EXARC Journal - Latest Articles

What was *platъ and how Did it Work?: Reconstructing a Piece of Slavic Cloth Currency

Jan Kratochvíl and
Jakub Koláček (CZ)
Using a credit theory of money, we propose that at least some Slavic tribal communities underwent a process of social monetization. In order to fully support this hypothesis, however, many linguistic and historiographic sources would need to be discussed – a task which exceeds the scope of a single article. Therefore, we will here focus on examining (from technical perspective) the oldest type of “money”...

Let the Chips Fall Where They May: Evaluating the Impact and Effectiveness of Video Resources for Knowledge Transfer in Flint Knapping

John Kiernan (US)
Knowledge and know-how: The ‘how’ of knowledge transferal continues to be a question in prehistoric archaeology, especially in relation to early hominid development. Has the transferal process been greatly affected by our so-called modern world and its technological advantages? Have the current modes of communication enhanced and eased the transfer of knowledge? As visualization is a key element...

An Experiment with the Warp-weighted Loom and Heavy Loom Weights. The Case of the Giant Refractory Ceramic “Doughnuts” from North Piedmont, Italy

Lorena Ariis (AT)
Heavy, doughnut-shaped, loom weights made of refractory clay are often found in excavations of Roman and Late Roman settlements in North Piedmont. Unfortunately, they are not found in situ with a weaving loom. We have interpreted them as having been specifically designed for use on a warp weighted loom with a lower mobile beam which is weighed down by a few heavy loom weights...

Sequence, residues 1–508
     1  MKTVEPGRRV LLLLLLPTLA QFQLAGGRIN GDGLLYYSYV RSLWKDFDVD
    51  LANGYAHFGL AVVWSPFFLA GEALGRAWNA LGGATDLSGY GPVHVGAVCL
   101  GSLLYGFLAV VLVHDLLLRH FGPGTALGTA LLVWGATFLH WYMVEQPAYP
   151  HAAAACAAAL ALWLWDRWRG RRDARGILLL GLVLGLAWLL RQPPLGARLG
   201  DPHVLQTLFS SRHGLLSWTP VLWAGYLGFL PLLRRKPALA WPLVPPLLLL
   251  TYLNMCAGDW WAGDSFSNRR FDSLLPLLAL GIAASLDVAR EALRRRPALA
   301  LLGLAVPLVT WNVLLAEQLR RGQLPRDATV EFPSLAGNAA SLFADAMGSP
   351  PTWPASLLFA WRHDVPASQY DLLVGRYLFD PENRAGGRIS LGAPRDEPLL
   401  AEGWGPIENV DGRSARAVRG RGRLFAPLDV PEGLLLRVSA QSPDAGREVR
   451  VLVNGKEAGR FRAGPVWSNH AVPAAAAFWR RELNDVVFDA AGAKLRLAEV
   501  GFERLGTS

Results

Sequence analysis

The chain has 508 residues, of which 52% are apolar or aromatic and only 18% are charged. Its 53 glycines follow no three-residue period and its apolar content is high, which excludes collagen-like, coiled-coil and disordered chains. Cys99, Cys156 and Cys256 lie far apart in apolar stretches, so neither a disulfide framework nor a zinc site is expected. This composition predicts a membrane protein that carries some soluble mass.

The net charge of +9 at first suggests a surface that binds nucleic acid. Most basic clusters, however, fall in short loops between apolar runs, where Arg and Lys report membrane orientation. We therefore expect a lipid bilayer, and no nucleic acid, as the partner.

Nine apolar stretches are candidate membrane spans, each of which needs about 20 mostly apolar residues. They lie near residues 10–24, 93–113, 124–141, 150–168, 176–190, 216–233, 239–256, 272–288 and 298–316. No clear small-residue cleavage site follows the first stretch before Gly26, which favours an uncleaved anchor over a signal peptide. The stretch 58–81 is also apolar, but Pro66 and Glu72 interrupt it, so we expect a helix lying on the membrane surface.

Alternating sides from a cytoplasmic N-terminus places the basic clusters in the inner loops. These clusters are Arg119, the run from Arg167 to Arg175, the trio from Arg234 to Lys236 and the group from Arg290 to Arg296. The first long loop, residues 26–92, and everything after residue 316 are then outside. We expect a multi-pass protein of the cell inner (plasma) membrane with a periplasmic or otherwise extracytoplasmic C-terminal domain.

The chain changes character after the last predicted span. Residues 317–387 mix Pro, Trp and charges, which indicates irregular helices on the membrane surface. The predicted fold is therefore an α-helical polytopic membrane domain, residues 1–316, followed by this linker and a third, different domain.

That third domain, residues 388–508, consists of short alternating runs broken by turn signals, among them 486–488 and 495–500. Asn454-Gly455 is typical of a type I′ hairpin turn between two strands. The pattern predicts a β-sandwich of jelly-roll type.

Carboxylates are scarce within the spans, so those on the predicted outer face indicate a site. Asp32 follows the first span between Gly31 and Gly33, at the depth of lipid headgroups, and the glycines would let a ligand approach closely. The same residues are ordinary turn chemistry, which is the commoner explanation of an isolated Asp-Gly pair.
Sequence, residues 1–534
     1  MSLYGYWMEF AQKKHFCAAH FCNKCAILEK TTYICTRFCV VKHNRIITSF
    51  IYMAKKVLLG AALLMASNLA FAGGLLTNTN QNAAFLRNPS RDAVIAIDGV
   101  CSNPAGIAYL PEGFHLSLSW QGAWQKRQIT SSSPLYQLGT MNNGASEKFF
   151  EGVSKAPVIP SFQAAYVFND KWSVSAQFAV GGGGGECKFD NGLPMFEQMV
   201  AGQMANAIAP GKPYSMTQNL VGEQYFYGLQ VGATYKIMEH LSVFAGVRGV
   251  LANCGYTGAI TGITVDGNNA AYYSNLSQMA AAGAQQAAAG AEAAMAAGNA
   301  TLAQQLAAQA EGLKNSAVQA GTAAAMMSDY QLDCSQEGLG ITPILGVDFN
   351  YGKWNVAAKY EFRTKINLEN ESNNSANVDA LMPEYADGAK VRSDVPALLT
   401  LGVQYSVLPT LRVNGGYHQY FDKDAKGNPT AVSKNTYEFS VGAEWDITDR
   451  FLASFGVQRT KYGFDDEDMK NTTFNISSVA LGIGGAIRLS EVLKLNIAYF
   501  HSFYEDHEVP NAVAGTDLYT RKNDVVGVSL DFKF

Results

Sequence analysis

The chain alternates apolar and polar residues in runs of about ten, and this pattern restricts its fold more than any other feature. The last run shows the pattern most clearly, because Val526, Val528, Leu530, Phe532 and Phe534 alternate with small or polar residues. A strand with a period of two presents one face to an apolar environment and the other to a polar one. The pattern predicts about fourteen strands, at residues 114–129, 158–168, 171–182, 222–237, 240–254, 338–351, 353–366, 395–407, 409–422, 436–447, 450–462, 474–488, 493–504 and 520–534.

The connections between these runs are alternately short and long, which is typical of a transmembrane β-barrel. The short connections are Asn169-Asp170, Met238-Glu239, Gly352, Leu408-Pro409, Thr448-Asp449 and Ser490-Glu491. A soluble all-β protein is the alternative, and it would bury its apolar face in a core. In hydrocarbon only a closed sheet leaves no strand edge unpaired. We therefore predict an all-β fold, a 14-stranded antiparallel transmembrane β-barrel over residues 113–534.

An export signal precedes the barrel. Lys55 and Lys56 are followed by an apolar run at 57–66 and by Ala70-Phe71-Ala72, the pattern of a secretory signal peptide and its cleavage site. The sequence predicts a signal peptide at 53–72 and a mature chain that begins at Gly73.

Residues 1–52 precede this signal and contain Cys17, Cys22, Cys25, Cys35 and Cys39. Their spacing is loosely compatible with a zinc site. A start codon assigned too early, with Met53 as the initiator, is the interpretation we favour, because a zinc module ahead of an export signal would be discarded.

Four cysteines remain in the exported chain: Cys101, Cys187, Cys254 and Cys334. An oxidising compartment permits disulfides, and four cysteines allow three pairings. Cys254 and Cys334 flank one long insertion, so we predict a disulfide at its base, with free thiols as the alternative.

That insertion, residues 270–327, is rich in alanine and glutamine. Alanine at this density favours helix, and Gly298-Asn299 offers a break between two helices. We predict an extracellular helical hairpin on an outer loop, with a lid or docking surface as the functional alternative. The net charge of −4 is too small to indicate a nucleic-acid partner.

Blending the Material and the Digital: A Project at the Intersection of Museum Interpretation, Academic Research, and Experimental Archaeology

C. Jeffra,
J. Hilditch,
J. Waagen,
T. Lanjouw,
M. Stoffer,
L. de Gelder and
M. J. Kim (NL)
The power of digital technologies to communicate archaeological information in a museum context has recently been critically evaluated (Paardekooper, 2019). A recent collaboration between members of the Tracing the Potter’s Wheel project, the 4D Research Lab, and the Allard Pierson Museum and Knowledge Institute illustrates the way that such...

The Story of your Site: Archaeological Site Museums and Archaeological Open-Air Museums

Roeland Paardekooper (NL)
Archaeological site museums may not be that well defined worldwide, yet, they are found almost everywhere. Archaeological sites with reconstructed buildings based on archaeology however seem to be a younger phenomenon and are mainly concentrated in Europe, Japan and North America. Both types of museums however have old roots. Important is not so much the site per se, but the message...